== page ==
Purposeful use of technology in the early years
The Sector > Quality > In The Field > Moving Towards Purposeful Digital Technology Uses in Early Childhood Education

Moving Towards Purposeful Digital Technology Uses in Early Childhood Education

by Christopher Bradshaw

July 03, 2024

When it comes to using digital technologies with children, there can often be a lot of differing opinions and mixed practices around the early childhood sector. Wanting to help dispel the confusion or uncertainty of what we should or shouldn’t be doing, we have created a helpful guide to act as a starting point.


Often referred to as the Three C’s of digital device use, it is a way to inform your thinking and reflection of potential uses of digital devices with young children.


Before starting, it’s important that we don’t just outright reject the idea of digital devices being used in Early Childhood Education.


We see reference to it explicitly mentioned on multiple occasions within the update to the EYLF v2.0, with just the phrase “digital technologies” being mentioned 30 times!


Devices have now become a prominent part of our daily lives, both working and personal, that won’t be going anywhere anytime soon.


Gone are the days of relying on guidelines around the length of time per day at any given age range. Now we must enter into adjudicating the readiness of the child, and the quality of the use or applications instead.


Just remember to carefully consider the age, intention, and readiness of your group of young learners.




Consumption-based uses are when children are just watching the content or media that you are presenting them. Oftentimes, you can tell when children are just consuming media by what their role is. If children are required to sit, stand or otherwise be still to merely ‘watch’ the screen, then the children are just consuming digital media. In most cases, this would be a poor quality use of digital devices and can actually have detrimental effects.

Instead of just consuming media, critically reflect and ponder: What else could we be doing? Could it be an oral song, or a dance with the class? Could we get outside and get active, or does this ‘group time’ need to be happening at all? There are hundreds of things we could be doing, each of them is a choice. Why are we choosing to do this instead of anything else?


Try your best to avoid providing digital media for children to ‘consume’.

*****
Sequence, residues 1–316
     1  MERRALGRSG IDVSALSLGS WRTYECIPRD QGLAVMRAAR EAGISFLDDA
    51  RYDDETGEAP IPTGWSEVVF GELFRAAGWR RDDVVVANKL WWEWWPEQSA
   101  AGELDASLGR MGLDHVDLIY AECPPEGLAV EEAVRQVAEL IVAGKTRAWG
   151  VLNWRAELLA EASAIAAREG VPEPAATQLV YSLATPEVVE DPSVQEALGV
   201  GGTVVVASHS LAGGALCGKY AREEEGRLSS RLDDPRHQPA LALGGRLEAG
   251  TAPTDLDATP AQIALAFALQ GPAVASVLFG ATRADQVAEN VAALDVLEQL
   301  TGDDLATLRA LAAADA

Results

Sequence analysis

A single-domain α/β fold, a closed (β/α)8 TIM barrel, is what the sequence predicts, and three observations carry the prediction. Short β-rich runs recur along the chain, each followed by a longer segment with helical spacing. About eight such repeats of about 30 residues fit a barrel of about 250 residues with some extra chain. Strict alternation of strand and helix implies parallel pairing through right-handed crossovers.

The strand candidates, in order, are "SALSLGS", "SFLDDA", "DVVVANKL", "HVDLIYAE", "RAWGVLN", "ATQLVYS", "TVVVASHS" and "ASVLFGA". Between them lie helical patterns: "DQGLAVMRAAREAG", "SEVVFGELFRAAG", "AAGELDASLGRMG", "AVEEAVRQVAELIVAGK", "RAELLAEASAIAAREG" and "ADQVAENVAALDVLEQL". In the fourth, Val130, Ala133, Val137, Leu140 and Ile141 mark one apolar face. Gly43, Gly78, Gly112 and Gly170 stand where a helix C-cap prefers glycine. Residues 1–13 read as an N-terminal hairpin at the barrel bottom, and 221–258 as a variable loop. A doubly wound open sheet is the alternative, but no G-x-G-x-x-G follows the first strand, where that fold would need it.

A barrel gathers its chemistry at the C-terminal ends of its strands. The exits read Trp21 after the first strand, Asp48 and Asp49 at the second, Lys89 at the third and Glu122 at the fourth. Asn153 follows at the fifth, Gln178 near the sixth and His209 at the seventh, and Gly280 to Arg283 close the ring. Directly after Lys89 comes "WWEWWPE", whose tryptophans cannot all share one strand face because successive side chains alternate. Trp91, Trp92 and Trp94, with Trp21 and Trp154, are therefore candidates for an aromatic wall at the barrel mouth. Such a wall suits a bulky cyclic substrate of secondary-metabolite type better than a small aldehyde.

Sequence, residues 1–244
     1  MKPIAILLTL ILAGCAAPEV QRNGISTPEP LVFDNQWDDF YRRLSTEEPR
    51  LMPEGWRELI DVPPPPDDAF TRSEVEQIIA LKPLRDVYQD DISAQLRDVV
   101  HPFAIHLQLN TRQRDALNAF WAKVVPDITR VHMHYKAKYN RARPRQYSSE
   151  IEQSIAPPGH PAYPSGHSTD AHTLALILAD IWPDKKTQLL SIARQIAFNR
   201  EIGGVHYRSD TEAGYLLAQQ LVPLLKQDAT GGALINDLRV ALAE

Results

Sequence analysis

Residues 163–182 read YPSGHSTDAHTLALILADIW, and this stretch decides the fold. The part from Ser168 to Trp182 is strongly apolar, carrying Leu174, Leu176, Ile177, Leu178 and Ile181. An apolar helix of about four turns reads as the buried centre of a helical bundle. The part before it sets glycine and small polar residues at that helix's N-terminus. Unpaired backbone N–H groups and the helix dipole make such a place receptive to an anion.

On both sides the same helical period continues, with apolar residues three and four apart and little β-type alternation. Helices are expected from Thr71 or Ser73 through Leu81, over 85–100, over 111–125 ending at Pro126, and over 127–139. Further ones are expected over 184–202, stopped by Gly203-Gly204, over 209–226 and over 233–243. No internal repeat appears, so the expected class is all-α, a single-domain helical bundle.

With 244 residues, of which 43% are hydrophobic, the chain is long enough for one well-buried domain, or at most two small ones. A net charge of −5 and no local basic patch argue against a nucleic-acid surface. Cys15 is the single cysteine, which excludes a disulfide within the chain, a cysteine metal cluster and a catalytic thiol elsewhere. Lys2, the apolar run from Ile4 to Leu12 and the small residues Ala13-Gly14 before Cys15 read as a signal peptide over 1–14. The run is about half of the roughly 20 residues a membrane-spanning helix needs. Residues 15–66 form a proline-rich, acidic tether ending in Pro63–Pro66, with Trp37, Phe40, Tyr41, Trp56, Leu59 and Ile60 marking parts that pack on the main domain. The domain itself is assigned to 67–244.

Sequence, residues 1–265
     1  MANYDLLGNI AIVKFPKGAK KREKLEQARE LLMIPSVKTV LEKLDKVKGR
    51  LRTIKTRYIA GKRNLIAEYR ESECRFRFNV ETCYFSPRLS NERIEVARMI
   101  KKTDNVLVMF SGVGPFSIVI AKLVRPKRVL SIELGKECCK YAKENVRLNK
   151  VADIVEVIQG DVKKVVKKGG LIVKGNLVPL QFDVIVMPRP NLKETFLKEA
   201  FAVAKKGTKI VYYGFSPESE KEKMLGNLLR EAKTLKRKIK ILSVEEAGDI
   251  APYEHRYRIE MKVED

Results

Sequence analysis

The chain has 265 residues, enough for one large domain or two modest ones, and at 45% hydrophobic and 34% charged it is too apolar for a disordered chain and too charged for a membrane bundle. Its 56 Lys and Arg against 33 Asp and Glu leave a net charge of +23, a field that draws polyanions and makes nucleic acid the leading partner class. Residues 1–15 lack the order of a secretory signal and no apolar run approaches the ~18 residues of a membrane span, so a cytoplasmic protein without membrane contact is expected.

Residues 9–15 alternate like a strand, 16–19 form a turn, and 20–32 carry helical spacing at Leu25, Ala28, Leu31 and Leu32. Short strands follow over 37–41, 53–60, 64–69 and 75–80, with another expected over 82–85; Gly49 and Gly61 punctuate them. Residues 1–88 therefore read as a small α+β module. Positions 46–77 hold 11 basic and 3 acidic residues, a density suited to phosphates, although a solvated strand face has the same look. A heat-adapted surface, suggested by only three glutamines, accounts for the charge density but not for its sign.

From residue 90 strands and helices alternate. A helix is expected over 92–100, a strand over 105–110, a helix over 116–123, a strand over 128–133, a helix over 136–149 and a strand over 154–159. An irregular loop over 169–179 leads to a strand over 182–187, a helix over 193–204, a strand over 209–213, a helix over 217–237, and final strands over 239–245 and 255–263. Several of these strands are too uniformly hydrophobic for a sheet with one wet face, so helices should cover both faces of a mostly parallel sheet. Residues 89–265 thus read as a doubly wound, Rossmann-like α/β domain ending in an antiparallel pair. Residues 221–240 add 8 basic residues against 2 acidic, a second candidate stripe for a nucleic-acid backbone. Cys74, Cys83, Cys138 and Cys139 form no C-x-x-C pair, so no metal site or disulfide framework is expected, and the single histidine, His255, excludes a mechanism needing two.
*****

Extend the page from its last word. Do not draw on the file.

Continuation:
As educators, we are always looking at ways we can promote children’s creativity and outside-the-box thinking. One of the powerful tools we have in today’s modern age are digital devices.


The use of these technologies can open so many interesting applications, creative processes, and ways of viewing the world outside what is possible without them. Think about ways of letting children use video and picture taking programs to explore different perspectives or use tools that can allow for stop motion capture.


Some researchers and pioneers are even exploring virtual reality!


There’s so much we can do to let children create from nothing when using digital devices. What will you think of? ‘Creativity’ is always a great reason to use digital devices.




The world is a huge place, with children only able to connect with their immediate world and communities. What digital devices have afforded us is the ability to connect at any time to anywhere or anyone in the world.


This opens the door to use digital devices for another meaningful purpose: ‘Connecting’. Think about the ways you could use devices to connect with authors who write our favourite books, connect and explore the world beyond our local communities such as virtual tours and excursions, or even to connect with other children across other kindergartens and childcare services.


Remember, you don’t have to connect to the very far and distant. You can also use the power of the internet and cameras to connect to the micro-world of bugs, slugs, and creepy crawlies! You can magnify, research, and explore what might otherwise not be possible at all without them.


The Three C’s


So the next time you’re considering using digital technologies, remember the three different C’s.

Avoid the oftentimes mindless ‘consumption’ of digital technologies, as these are often poor-quality uses.

Promote the use of ‘creativity’ through the augmentation that digital technologies can provide both educators and young children.

Consider ways you could use digital technologies to help ‘connect’ children to different communities, people, places, and things.

Remember that as Educators and Teachers, we shouldn’t be afraid. Rather, we can become an informed digital practitioner. Whether you’re a digital native, or a bit of a digital novice, the first step is to be informed. The second step is to start.

Christopher Bradshaw is the CEO of Making Education, a specialty early childhood organisation which provides training by educators, for educators. He holds both a Diploma and Bachelor of Early Childhood Education, along with a Master of Education in Leadership and Management, and qualifications in Training and Assessment.

He is also the Director of Education and Development for KingKids Early Learning, an approved provider with five services in Victoria. 

Download The Sector's new App!

ECEC news, jobs, events and more anytime, anywhere.

Download App on Apple App Store Button Download App on Google Play Store Button